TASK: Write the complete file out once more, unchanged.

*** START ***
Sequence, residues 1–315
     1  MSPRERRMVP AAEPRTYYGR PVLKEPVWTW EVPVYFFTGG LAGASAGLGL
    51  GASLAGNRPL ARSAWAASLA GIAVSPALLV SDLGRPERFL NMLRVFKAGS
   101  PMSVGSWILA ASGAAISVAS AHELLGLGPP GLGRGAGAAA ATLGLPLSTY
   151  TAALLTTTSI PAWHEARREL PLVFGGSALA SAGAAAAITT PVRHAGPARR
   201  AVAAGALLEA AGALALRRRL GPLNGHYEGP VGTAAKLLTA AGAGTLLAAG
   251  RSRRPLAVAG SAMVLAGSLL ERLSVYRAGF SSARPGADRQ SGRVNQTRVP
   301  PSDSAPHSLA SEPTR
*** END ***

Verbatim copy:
Sequence, residues 1–315
     1  MSPRERRMVP AAEPRTYYGR PVLKEPVWTW EVPVYFFTGG LAGASAGLGL
    51  GASLAGNRPL ARSAWAASLA GIAVSPALLV SDLGRPERFL NMLRVFKAGS
   101  PMSVGSWILA ASGAAISVAS AHELLGLGPP GLGRGAGAAA ATLGLPLSTY
   151  TAALLTTTSI PAWHEARREL PLVFGGSALA SAGAAAAITT PVRHAGPARR
   201  AVAAGALLEA AGALALRRRL GPLNGHYEGP VGTAAKLLTA AGAGTLLAAG
   251  RSRRPLAVAG SAMVLAGSLL ERLSVYRAGF SSARPGADRQ SGRVNQTRVP
   301  PSDSAPHSLA SEPTR